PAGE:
Mercy Street, Episode 3
Alice Green (AnnaSophia Robb) discovers her beau, Tom Fairfax (Cameron Monaghan), at Mansion House. Mercy Street deals not just with the physical trauma of war, but the psychological trauma as well.
A few thoughts on the third episode of Mercy Street, which brings us to the halfway point in the first season. Minor spoilers follow.
Dr. Foster’s situation has gotten more complicated on several levels. We knew his brother was fighting on the Peninsula, but we didn’t have the whole story, obviously. I was initially surprised that Foster (Josh Radnor) could have so easily passed the examination for Army surgeon without having performed an amputation, but surgical procedures were apparently not commonly taught in medical schools of the period.
The scene with Frank Stringfellow and the Colonel didn’t ring true at all, considering that Frank is going to be hanging around the hospital for the rest of the season.
The amputation scene is about as gruesome as anything you’re likely to see on broadcast television, but it probably had to be to convey the horror of the characters present.
Dr. Hale (Norbert Leo Butz) more sympathetic than one might imagine — resentful and jealous of Foster, particular after developments in this episode, but also being manipulated by Nurse Hasting (Tara Summers).
One of the nice things about Mercy Street so far is that most of the characters are given enough depth and backstory that the viewer can appreciate the conflicts they’re dealing with. The elder Greens are a good example of that. It would be easy for the writers to make the Greens irredeemably wicked, but they’re not. The real James Green (Gary Cole) had been a Whig in years past, and not a supporter of secession. Nonetheless, he retains a loyalty to Virginia and, in the eyes of U.S. authorities occupying Alexandria, is indistinguishable from any other “secesh.” James had spent 35 years building the small furniture business he inherited from his father, and expanding into the hotel and restaurant business, to become by 1860 the wealthiest man in Alexandria. Now, with the war, James and Jane (Donna Murphy) are really just trying to hang on without being entirely swept away by the events swirling around them. Which, really, is true of all the characters in the show.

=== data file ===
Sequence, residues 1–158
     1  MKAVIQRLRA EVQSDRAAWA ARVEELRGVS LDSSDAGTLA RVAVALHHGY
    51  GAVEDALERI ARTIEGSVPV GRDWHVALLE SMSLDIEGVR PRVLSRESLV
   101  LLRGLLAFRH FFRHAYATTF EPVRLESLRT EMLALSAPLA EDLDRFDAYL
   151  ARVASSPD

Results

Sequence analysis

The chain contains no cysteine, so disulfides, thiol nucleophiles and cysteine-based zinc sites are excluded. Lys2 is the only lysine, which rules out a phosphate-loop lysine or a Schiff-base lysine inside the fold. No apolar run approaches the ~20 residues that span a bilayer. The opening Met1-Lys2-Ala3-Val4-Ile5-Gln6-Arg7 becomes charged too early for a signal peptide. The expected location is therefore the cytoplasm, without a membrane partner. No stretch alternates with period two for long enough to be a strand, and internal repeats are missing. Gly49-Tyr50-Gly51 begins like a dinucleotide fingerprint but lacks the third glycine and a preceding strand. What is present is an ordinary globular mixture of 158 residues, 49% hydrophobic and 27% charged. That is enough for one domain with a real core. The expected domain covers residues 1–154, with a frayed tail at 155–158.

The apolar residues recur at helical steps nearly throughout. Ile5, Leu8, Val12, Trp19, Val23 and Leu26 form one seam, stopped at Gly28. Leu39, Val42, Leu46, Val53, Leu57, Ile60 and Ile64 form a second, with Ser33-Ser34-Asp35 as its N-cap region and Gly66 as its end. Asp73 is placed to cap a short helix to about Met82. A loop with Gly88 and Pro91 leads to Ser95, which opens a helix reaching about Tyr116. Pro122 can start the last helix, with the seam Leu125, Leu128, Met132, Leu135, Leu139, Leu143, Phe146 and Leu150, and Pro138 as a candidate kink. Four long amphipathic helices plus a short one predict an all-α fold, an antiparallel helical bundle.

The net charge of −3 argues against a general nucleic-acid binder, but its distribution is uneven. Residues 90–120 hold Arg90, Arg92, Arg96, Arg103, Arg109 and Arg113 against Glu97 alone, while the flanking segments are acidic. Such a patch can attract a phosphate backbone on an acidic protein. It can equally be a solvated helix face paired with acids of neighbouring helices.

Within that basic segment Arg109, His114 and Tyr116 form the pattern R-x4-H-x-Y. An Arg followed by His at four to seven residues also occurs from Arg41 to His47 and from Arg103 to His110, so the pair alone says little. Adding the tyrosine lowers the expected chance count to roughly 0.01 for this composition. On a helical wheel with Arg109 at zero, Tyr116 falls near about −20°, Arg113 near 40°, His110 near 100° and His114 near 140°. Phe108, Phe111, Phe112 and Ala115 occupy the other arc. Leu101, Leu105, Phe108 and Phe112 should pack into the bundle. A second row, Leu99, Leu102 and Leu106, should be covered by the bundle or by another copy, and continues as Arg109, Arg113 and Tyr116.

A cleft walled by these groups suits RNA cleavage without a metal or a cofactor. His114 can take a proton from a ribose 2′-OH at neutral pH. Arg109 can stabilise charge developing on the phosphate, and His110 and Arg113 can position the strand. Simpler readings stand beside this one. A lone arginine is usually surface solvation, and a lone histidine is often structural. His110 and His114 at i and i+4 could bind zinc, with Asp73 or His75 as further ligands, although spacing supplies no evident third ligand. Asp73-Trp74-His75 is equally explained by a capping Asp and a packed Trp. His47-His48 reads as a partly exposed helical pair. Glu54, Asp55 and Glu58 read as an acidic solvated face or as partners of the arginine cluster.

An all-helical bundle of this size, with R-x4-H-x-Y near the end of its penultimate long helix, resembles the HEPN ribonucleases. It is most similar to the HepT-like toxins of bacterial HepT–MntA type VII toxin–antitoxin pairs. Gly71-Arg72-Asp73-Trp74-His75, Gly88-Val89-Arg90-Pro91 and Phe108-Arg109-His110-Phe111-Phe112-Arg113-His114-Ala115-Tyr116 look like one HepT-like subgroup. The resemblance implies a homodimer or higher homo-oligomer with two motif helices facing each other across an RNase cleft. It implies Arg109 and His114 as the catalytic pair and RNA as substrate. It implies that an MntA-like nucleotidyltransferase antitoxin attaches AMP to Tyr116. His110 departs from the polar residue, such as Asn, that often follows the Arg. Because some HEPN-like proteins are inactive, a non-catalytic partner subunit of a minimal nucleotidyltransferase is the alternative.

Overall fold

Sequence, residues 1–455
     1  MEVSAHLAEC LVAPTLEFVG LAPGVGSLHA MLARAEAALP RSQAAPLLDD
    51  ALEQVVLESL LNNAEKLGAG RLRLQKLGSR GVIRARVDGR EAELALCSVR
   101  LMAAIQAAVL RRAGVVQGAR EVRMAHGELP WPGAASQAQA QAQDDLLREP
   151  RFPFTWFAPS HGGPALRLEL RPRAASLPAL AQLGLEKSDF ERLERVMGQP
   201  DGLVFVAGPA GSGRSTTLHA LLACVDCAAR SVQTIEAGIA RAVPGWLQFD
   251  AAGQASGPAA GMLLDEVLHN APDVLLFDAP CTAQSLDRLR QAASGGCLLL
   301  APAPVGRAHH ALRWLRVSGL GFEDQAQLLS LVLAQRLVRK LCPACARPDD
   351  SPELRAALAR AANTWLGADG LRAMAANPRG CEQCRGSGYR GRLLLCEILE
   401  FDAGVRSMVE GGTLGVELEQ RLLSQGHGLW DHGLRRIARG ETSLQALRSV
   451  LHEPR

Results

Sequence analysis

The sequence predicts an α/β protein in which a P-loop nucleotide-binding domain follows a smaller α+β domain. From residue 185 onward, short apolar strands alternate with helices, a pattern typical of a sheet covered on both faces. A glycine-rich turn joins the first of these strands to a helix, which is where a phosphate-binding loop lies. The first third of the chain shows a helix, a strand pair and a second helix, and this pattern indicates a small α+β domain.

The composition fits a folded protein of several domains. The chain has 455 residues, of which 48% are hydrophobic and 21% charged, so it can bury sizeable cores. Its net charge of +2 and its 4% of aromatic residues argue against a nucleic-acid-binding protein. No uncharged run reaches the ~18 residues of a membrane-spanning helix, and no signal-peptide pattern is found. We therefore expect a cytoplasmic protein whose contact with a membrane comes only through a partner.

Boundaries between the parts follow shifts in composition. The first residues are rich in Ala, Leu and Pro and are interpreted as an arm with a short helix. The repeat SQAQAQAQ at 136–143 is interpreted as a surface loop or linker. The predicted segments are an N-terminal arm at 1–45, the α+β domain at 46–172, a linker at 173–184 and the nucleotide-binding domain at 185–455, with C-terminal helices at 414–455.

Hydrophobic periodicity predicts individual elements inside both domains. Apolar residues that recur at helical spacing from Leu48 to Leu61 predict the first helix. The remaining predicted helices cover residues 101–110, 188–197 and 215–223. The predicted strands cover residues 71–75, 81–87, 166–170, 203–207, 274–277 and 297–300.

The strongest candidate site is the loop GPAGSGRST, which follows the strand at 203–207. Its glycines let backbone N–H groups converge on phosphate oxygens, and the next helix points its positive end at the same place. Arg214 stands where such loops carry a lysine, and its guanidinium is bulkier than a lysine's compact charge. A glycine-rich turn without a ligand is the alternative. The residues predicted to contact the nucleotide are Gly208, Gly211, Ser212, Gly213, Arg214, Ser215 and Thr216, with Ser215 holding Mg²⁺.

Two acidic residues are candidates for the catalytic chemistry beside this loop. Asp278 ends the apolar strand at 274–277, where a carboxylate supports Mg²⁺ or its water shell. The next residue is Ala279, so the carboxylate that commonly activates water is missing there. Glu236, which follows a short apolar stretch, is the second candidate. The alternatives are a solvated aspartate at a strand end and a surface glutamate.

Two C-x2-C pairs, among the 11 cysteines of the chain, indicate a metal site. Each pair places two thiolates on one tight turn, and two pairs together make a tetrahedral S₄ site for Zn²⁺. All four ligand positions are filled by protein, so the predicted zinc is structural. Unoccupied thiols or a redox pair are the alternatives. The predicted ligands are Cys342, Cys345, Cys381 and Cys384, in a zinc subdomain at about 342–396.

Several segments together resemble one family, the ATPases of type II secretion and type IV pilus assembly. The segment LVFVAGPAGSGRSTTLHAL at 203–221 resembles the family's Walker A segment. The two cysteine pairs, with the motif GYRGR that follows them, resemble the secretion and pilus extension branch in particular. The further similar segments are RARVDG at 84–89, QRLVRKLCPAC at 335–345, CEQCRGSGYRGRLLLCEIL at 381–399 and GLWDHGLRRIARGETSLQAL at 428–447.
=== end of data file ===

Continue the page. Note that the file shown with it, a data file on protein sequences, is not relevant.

African American characters play a bigger role in this episode than previously, and the writers have done a good job in providing depth to their stories and delineating the very different circumstances they find themselves. Like the Greens, the African American characters highlighted in this episode — Aurelia Johnson (Shalita Grant), Miles (Myron Parker Jr.), and Belinda Gibson (L. Scott Caldwell) all find themselves in this episode at critical turning points in their lives.
Having got now halfway through the season, I’m increasingly appreciative of how the setting, a U.S. military hospital in Alexandria in 1862, makes it plausible to bring together so many different people and story together in one place. That many of the principle characters are based on real-life persons simply adds to the enjoyment of it.
Finally, here’s a website devoted to telling the story of the real-life Emma Green and her family. Keep in mind that, since it offers biographies of the real family, it likely contains spoilers about events coming up later in the series. You’ve been warned, y’all.